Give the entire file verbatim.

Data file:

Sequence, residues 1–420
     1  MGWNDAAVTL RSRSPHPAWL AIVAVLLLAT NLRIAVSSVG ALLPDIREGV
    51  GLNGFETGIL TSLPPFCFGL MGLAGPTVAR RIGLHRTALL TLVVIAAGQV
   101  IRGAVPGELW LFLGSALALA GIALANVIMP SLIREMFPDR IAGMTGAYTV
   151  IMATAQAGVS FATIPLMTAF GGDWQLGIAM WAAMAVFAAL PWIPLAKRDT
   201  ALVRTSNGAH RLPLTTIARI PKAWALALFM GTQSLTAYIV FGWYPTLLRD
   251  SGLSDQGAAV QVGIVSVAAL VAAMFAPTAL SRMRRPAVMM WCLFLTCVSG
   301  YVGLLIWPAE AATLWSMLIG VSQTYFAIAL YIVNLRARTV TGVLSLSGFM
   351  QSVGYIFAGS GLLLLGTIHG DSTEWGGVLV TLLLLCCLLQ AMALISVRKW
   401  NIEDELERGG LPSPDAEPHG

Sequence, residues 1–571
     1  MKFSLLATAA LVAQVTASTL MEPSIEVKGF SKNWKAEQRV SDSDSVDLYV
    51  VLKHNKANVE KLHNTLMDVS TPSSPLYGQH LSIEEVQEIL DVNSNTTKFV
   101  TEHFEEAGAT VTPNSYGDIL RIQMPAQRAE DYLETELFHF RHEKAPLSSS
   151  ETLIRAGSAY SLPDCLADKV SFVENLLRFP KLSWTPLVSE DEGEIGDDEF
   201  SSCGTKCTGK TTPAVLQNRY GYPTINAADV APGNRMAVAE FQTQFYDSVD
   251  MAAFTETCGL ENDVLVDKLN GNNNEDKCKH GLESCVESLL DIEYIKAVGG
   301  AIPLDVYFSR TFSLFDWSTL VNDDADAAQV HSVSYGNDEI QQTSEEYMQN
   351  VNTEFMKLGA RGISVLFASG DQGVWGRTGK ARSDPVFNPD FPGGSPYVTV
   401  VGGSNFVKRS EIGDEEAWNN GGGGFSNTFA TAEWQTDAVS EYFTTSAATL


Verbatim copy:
Sequence, residues 1–420
     1  MGWNDAAVTL RSRSPHPAWL AIVAVLLLAT NLRIAVSSVG ALLPDIREGV
    51  GLNGFETGIL TSLPPFCFGL MGLAGPTVAR RIGLHRTALL TLVVIAAGQV
   101  IRGAVPGELW LFLGSALALA GIALANVIMP SLIREMFPDR IAGMTGAYTV
   151  IMATAQAGVS FATIPLMTAF GGDWQLGIAM WAAMAVFAAL PWIPLAKRDT
   201  ALVRTSNGAH RLPLTTIARI PKAWALALFM GTQSLTAYIV FGWYPTLLRD
   251  SGLSDQGAAV QVGIVSVAAL VAAMFAPTAL SRMRRPAVMM WCLFLTCVSG
   301  YVGLLIWPAE AATLWSMLIG VSQTYFAIAL YIVNLRARTV TGVLSLSGFM
   351  QSVGYIFAGS GLLLLGTIHG DSTEWGGVLV TLLLLCCLLQ AMALISVRKW
   401  NIEDELERGG LPSPDAEPHG

Sequence, residues 1–571
     1  MKFSLLATAA LVAQVTASTL MEPSIEVKGF SKNWKAEQRV SDSDSVDLYV
    51  VLKHNKANVE KLHNTLMDVS TPSSPLYGQH LSIEEVQEIL DVNSNTTKFV
   101  TEHFEEAGAT VTPNSYGDIL RIQMPAQRAE DYLETELFHF RHEKAPLSSS
   151  ETLIRAGSAY SLPDCLADKV SFVENLLRFP KLSWTPLVSE DEGEIGDDEF
   201  SSCGTKCTGK TTPAVLQNRY GYPTINAADV APGNRMAVAE FQTQFYDSVD
   251  MAAFTETCGL ENDVLVDKLN GNNNEDKCKH GLESCVESLL DIEYIKAVGG
   301  AIPLDVYFSR TFSLFDWSTL VNDDADAAQV HSVSYGNDEI QQTSEEYMQN
   351  VNTEFMKLGA RGISVLFASG DQGVWGRTGK ARSDPVFNPD FPGGSPYVTV
   401  VGGSNFVKRS EIGDEEAWNN GGGGFSNTFA TAEWQTDAVS EYFTTSAATL